Commercial/Private Sector

Retail – Fast Food

1. Market segmentation and positioning

The Issue:

  • This fast food/snack chain was experiencing a dramatic decline in sales and needed to know why.
  • Brand awareness was strong however conversion fell away dramatically and the business had endured stagnant or declining sales for a period of two years.
  • Previous advertising campaigns had won prestigious creative awards but had delivered little or no effect on sales.
  • Large amounts of tactical research had been undertaken most of which was directed at post analysing advertising performance or providing operational feedback. No strategic market research had been undertaken throughout the eight years of the brand’s existence.

Actions:

Research Solutions developed a strategic market research program for the brand, including qualitative and survey research to:

  • Understand the brand’s strategic position in the marketplace and in the consumer’s mind
  • Segment the market based on their needs, wants and desires
  • Develop a unique and sustainable competitive difference

Results:

  • The research identified four target market segments defined by consumer attitudes and behaviours.  Each segment was prioritised by its size and potential for new or increased sales.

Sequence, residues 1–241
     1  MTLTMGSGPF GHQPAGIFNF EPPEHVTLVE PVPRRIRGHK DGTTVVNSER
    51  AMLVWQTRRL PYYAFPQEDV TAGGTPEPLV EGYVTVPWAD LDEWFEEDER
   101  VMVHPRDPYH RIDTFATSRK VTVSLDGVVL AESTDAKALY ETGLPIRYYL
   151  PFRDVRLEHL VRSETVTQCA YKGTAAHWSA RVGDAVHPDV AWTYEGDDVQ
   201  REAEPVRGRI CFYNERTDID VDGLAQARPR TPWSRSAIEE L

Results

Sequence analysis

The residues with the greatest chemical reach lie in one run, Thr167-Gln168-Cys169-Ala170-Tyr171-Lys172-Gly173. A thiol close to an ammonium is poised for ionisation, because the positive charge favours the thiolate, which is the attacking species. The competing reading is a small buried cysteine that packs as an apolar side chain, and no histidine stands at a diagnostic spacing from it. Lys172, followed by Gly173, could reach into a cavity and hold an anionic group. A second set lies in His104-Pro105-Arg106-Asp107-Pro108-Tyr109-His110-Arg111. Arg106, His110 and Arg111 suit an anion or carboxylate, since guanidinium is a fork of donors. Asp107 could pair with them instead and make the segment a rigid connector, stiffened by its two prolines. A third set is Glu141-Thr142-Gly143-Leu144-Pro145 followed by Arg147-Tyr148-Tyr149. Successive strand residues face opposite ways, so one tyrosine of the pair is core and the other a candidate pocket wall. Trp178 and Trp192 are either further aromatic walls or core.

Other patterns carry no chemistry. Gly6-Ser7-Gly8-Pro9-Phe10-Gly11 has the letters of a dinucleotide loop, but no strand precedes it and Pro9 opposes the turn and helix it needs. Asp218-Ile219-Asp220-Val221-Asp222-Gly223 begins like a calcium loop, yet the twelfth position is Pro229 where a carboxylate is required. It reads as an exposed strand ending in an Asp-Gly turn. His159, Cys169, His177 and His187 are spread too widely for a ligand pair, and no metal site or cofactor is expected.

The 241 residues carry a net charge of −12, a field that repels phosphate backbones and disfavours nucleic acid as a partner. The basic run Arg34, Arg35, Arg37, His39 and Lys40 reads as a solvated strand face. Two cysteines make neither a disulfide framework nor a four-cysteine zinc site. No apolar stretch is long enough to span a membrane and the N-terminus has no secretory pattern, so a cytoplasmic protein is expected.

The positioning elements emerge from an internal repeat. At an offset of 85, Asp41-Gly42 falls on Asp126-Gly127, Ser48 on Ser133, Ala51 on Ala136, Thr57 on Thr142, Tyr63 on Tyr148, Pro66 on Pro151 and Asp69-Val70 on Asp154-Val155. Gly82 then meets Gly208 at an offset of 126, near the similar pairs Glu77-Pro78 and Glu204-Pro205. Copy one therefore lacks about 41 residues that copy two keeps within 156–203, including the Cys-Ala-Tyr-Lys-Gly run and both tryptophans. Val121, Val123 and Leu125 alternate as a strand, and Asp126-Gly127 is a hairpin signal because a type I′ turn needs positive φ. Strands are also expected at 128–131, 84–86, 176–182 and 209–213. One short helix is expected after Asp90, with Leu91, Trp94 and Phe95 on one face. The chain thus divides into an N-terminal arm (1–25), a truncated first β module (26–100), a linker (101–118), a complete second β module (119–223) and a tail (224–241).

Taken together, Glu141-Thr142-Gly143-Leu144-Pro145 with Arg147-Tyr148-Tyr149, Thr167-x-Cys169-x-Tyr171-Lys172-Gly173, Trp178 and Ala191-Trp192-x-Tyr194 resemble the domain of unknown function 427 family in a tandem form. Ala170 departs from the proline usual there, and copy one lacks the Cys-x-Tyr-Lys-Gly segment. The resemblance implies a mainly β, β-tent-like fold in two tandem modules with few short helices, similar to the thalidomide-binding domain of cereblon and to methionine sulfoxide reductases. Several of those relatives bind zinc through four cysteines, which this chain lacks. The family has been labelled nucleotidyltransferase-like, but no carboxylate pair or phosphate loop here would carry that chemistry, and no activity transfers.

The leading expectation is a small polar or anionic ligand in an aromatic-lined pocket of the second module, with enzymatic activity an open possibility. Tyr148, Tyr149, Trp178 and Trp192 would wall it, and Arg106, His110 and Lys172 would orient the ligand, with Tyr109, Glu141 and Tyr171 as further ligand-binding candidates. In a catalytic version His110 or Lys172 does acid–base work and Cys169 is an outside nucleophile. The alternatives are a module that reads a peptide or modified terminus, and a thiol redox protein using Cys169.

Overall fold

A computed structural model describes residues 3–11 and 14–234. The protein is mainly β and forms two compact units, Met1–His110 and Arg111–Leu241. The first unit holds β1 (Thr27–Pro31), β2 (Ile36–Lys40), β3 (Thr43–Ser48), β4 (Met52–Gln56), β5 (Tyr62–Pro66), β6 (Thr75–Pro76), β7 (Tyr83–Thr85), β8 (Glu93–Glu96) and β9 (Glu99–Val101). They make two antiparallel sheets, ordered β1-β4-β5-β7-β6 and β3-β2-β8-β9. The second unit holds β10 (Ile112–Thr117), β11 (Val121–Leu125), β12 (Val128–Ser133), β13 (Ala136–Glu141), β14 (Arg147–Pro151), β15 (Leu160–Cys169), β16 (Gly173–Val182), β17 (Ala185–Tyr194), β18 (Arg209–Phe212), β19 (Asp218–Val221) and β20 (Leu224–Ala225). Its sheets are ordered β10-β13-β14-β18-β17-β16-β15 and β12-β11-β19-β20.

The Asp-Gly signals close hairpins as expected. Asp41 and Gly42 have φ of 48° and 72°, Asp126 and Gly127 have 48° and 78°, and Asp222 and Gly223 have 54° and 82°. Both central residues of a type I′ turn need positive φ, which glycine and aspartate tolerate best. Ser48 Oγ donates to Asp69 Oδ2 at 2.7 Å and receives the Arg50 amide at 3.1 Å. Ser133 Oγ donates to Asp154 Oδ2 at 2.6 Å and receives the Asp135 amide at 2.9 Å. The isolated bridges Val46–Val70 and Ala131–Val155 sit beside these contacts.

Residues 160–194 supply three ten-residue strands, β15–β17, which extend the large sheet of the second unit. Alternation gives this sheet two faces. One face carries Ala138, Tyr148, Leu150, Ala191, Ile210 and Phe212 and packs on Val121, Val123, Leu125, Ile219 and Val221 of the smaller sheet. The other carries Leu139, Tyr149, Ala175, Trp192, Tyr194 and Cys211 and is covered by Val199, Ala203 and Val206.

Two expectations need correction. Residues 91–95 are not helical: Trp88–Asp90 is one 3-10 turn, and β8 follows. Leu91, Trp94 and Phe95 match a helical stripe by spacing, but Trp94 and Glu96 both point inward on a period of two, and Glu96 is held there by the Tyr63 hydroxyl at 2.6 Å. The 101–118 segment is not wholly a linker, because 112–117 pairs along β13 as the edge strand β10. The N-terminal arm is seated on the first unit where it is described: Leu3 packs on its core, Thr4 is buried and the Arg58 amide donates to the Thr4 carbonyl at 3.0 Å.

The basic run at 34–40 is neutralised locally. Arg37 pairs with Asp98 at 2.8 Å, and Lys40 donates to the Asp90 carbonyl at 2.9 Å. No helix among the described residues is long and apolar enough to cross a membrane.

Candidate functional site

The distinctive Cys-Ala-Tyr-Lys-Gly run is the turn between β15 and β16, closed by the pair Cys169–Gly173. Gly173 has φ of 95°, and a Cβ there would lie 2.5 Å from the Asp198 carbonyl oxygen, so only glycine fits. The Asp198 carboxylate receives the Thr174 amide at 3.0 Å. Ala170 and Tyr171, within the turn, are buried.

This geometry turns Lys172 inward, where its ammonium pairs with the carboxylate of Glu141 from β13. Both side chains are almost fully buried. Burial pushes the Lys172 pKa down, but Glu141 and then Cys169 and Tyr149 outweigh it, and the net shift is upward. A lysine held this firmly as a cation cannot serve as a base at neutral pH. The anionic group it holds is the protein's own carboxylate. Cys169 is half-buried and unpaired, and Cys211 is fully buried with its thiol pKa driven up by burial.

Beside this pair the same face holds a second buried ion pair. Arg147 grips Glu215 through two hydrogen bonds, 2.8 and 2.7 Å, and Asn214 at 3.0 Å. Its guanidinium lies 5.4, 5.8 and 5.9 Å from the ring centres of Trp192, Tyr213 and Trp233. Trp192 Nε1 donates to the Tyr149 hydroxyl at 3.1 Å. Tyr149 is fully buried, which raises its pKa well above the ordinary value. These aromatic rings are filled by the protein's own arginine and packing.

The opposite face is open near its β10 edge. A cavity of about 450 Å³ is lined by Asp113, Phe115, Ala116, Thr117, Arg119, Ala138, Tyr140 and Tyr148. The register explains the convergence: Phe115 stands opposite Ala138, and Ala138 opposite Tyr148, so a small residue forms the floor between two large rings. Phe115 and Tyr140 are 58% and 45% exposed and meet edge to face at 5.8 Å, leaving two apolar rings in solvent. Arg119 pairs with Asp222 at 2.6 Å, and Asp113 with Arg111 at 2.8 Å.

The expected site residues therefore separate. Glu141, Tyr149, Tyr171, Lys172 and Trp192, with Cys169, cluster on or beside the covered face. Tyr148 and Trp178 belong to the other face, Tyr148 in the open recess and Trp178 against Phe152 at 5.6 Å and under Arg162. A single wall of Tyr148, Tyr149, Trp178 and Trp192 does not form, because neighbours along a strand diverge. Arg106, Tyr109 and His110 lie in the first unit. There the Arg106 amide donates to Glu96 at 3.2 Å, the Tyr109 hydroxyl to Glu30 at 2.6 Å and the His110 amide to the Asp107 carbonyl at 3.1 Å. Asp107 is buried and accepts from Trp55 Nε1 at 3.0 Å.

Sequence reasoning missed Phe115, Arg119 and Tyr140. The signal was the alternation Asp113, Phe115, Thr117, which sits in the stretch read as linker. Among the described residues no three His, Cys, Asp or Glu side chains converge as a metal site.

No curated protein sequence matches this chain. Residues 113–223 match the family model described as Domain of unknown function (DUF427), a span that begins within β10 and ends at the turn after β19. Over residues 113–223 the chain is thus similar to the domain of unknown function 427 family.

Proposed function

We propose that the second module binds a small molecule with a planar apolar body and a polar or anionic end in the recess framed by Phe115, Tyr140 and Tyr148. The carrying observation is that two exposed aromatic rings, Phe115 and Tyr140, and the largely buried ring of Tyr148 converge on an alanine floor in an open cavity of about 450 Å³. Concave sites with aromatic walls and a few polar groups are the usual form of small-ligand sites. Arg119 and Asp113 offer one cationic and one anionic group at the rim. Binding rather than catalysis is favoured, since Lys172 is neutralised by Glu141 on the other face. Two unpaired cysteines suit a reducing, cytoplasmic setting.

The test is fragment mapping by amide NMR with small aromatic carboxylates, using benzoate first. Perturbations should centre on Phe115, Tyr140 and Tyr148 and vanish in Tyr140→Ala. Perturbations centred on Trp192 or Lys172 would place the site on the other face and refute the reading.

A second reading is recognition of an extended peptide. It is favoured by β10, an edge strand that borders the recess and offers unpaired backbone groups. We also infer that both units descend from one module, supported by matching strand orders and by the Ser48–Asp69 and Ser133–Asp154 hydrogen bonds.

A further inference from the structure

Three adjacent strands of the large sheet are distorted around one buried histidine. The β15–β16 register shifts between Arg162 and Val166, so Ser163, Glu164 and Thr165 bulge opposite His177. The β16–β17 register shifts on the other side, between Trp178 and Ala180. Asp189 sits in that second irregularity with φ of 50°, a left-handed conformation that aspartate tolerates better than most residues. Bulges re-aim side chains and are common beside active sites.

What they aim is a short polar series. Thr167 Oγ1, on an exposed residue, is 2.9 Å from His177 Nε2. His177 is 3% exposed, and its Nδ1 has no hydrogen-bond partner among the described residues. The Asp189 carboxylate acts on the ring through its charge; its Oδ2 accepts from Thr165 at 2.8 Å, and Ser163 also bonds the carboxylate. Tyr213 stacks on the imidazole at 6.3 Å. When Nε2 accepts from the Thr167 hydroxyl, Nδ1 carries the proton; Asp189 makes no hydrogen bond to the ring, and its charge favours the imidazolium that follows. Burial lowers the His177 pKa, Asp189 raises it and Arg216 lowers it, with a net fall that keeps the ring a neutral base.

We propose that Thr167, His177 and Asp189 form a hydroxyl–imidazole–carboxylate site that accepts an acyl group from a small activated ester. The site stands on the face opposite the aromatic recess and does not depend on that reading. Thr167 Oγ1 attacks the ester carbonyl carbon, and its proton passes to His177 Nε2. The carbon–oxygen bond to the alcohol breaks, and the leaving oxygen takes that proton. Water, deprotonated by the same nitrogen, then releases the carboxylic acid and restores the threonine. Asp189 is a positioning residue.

• New products, product bundling and value adding were then developed, aimed specifically at meeting the specific needs of each segment.
  • A high quality advertising campaign took the brand “back to basics” and focused on what made it unique in the market leading to an immediate spike in sales of around 20%.
  • The brand was then purchased by another company, originally to merge with an existing brand, however its much stronger brand positioning meant it became the dominant brand.

What they said:

The Managing Director of the strategic marketing agency that commissioned this project said:

  • "When we reviewed the previous research undertaken for the brand it didn’t answer any of our strategic questions – while it was good tactical research about store experiences and if people liked the pies it didn’t tell us what market we were operating in, our target segments or customer value.
  • Research Solutions took the time to sit down with us and work through our strategic questions and then designed a research program that would provide us with the information we required to really drive the brand’s  future.
  • At the end of the day it wasn’t about lots of bells and whistles and flashy models – it was about getting strategic information relevant to the company’s future and success in a tight time frame and a limited budget. 
  • This information helped us to put together a firm brand and product strategy which turned the company around from two years of static and declining sales to an overall 20% increase – in some stores it was as high as a 70% increase in sales”.

 
Retail – Rural Products

2. New product development

The Issue:

  • This manufacturer and supplier serves the rural market.
  • It began life as a monopoly and, although still the dominant player and market leader, had experienced a decline in sales with the introduction of competition in the marketplace.
  • Innovation was felt to be key in  regaining sales.
  • The next substantial market innovation had been identified and was being trialled on a small scale.
  • The challenge was to develop a positioning, pricing and distribution strategy for the product.